Wit’s End: June Opines on the 2016 Election
I think we both know that it is not always possible to have reasonable conversations about the players and issues in an election cycle. But, soft and attractive as those covers of yours may be, I think we have to make the effort this time. The stakes are very high, from international destabilization to an ultra-right Supreme Court to mass deportations to increased class and race divisions here at home to threats against every aspect of our social safety net. Oh, and religious and reproductive freedom. And education. And the fate of the natural environment. And then there is the creeping sensation that, when we sit around drinking Pellegrino in cafes and talking about novels or neighbors or nail color or the Nets—sometimes veering into politics but only to ask if we’ve seen the latest poll, or to make sure everyone at the table agrees—we are doing pretty much what people were doing back in Weimar Germany.
I’ll try to get off the soapbox now. But, dear Wit’s or Wits’, we must at least try to make the case that Trump has to be stopped, and that voting for Hillary, a perfectly acceptable candidate, is the only way to ensure this. (Down-ballot contests are also crucial, of course, but that’s another story and another exhausting fight.)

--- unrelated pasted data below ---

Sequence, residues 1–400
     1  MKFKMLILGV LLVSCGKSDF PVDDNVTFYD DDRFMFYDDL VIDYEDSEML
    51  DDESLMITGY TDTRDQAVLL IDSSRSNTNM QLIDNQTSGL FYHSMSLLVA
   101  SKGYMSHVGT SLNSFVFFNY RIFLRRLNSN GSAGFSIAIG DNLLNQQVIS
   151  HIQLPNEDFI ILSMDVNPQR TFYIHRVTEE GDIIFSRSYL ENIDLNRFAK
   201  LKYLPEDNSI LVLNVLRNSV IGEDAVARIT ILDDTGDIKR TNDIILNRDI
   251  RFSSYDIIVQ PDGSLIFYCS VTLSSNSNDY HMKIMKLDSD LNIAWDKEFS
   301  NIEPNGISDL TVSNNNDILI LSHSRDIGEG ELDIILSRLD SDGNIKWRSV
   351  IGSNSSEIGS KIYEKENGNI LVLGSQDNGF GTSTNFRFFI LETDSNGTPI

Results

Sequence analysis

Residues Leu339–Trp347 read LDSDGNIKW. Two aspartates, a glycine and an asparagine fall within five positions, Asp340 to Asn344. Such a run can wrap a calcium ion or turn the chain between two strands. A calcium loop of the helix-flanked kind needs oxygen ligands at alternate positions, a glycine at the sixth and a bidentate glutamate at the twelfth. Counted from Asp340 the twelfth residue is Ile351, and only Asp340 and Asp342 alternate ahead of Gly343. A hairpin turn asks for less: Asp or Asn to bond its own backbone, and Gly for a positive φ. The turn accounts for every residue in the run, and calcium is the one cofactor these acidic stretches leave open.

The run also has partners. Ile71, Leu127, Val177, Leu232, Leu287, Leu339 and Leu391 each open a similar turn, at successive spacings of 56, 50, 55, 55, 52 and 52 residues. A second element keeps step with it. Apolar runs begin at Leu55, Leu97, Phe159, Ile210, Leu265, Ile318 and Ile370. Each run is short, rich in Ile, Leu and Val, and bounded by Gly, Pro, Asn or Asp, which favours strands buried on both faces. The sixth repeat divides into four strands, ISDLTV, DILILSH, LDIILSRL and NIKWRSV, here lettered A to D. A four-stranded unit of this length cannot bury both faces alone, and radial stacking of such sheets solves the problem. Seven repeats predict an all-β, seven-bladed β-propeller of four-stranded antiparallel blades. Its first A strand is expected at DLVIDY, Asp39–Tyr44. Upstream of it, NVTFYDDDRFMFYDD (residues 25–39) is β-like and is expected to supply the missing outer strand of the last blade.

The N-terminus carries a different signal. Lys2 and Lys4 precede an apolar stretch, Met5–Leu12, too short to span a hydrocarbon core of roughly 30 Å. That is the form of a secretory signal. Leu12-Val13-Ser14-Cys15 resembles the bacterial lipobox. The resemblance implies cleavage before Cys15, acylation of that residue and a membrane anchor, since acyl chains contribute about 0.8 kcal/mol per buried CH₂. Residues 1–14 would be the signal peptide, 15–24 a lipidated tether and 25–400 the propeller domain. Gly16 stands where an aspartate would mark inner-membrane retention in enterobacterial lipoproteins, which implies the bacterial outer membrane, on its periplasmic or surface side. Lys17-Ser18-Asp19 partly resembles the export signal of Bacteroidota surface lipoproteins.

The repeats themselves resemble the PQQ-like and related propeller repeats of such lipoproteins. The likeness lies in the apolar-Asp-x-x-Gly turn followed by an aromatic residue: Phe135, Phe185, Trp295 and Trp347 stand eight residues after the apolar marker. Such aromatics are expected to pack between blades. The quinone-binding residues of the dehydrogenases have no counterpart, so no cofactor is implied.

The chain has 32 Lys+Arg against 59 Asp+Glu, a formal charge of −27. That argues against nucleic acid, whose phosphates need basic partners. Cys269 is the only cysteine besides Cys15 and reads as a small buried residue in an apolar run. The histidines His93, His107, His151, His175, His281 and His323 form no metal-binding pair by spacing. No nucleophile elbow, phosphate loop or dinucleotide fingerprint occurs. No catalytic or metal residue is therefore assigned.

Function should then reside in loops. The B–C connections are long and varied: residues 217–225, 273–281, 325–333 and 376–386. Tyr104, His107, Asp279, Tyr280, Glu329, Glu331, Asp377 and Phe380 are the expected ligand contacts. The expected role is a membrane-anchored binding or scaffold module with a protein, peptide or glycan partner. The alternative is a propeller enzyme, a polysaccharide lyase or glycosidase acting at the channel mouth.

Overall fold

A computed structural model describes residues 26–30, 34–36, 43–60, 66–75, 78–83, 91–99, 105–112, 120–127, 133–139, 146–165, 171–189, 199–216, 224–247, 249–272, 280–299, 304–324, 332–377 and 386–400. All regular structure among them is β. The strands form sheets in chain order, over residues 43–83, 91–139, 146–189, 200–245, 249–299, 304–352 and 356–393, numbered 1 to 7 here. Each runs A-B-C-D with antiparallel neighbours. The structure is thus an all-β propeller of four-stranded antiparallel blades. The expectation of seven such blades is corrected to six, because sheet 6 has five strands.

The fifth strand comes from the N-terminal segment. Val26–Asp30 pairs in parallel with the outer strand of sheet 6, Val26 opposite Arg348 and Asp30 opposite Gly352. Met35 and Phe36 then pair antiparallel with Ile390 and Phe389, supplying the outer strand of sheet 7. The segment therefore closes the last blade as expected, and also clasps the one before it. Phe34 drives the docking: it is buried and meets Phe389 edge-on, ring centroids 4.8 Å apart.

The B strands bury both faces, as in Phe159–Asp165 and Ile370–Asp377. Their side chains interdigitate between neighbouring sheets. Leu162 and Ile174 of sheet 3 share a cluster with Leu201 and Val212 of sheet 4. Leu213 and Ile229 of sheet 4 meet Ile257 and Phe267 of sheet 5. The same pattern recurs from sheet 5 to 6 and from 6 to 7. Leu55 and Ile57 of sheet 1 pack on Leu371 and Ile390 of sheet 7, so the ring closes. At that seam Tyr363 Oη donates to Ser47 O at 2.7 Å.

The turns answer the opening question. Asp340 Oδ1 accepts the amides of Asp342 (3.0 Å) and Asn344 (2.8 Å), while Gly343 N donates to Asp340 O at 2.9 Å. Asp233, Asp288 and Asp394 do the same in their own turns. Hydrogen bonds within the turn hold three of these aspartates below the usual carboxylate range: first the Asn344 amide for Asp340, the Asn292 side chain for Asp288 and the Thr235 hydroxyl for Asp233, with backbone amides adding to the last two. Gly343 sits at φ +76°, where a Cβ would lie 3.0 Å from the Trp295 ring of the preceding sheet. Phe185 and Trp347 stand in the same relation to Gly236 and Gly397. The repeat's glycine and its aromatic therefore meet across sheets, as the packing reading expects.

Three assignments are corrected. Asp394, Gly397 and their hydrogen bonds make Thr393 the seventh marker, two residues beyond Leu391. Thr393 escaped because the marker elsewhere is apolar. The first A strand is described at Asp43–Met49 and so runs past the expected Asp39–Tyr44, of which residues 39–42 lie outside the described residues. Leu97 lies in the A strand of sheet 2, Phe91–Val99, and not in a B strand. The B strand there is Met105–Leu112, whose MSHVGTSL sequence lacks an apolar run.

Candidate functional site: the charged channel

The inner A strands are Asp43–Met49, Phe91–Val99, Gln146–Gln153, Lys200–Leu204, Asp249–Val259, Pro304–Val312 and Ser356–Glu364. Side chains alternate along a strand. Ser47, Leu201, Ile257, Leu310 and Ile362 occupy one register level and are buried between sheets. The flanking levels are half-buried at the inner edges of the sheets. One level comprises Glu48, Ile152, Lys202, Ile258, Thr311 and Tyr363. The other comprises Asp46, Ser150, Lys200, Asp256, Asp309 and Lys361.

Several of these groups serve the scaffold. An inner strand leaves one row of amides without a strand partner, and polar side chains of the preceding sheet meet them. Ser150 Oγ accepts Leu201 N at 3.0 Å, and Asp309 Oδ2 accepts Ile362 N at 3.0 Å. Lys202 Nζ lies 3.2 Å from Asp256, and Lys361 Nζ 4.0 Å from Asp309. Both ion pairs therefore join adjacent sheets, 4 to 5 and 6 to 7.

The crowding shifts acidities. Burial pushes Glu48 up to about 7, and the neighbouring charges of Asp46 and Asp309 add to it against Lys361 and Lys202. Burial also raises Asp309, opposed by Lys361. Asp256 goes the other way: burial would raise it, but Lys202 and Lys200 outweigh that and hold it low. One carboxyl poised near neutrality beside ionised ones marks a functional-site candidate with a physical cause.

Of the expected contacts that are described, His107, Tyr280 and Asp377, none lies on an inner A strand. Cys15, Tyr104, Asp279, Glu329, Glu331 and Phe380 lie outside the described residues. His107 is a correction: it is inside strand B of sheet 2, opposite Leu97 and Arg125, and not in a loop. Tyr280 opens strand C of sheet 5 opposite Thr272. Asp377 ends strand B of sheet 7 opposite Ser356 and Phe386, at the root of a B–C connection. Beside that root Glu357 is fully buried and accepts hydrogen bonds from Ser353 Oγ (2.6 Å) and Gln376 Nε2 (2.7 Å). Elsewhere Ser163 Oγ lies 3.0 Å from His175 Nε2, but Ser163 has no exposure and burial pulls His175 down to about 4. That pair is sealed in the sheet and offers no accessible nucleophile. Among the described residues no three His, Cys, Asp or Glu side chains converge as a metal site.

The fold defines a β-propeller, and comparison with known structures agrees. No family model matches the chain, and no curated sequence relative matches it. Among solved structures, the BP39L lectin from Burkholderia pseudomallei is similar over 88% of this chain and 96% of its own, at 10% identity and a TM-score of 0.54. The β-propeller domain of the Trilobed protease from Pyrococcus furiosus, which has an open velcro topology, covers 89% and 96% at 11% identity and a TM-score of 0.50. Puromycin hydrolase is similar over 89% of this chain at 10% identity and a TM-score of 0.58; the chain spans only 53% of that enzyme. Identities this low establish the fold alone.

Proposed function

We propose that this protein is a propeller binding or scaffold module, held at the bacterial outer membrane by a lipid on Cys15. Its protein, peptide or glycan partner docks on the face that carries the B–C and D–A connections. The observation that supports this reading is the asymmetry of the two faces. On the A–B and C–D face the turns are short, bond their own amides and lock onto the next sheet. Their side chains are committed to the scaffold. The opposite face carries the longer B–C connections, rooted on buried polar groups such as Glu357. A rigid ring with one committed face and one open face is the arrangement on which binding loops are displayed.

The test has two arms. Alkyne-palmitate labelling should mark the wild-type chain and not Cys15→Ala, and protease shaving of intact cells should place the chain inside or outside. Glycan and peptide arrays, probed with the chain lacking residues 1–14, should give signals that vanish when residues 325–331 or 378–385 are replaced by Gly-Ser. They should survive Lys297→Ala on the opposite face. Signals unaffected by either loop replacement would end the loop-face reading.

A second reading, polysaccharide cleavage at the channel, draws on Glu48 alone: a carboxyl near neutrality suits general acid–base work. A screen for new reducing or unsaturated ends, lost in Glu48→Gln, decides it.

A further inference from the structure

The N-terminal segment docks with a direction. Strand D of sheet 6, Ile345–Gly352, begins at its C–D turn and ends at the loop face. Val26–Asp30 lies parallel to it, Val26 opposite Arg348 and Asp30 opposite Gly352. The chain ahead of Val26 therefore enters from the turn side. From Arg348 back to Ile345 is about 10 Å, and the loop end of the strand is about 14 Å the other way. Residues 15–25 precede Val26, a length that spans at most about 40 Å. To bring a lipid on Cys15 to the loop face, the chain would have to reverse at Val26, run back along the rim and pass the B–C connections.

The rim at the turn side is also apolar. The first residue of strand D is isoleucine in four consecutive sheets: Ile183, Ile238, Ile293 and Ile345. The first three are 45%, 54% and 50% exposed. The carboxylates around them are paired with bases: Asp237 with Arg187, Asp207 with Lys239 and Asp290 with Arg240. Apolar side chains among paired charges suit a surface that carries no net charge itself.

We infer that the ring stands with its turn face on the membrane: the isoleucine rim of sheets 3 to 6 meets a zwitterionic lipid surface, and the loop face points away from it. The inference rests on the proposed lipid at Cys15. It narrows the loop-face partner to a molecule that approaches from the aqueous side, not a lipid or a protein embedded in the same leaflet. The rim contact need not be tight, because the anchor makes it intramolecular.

So how do we converse with people who like Trump, and loathe Hillary? How do we do so with any hope of success, and without blowing out some important artery?
On balance, I think the Trump-lovers (even more than the Hillary-haters and diehard anti-Democrats) are the hardest to understand. I have some relatives, one neighbor, and a couple of Facebook “friends” who say they plan to vote for him because they actually like him; and I pretty much agree with you that it is hard to think of any non-ranting, nonviolent response to this except “You can’t be serious!” or “Let’s just order, shall we?” or “My, it’s getting late!” or “Unfriend.” I am so flabbergasted that any one of at least fifty things he has said or done is not an absolute deal-breaker—I mean, making fun of a disabled reporter? Using “America First” as a slogan? Declaring he won’t honor the binding and essential NATO treaty? The Mexican wall, the Muslim ban, the abortion punishment, the taco bowl?—that it is hard to know where to start a civil conversation.
Maybe the way to go is to ask people, politely, why they support Trump, and to try very hard not to jump down their throats the second they start answering, so that you can have some small hope of swaying them when you do respond. I have only tried actually conversing with Trump supporters about one-and-a-half times (opportunities, happily, are few), but from what I have seen and read it appears that the main reasons people give for supporting Trump, other than hating Hillary, are that he is an outsider and they are sick of insider politics-as-usual, that he is a businessman and the country needs to be run like a business, and that he is a regular guy who says what he thinks.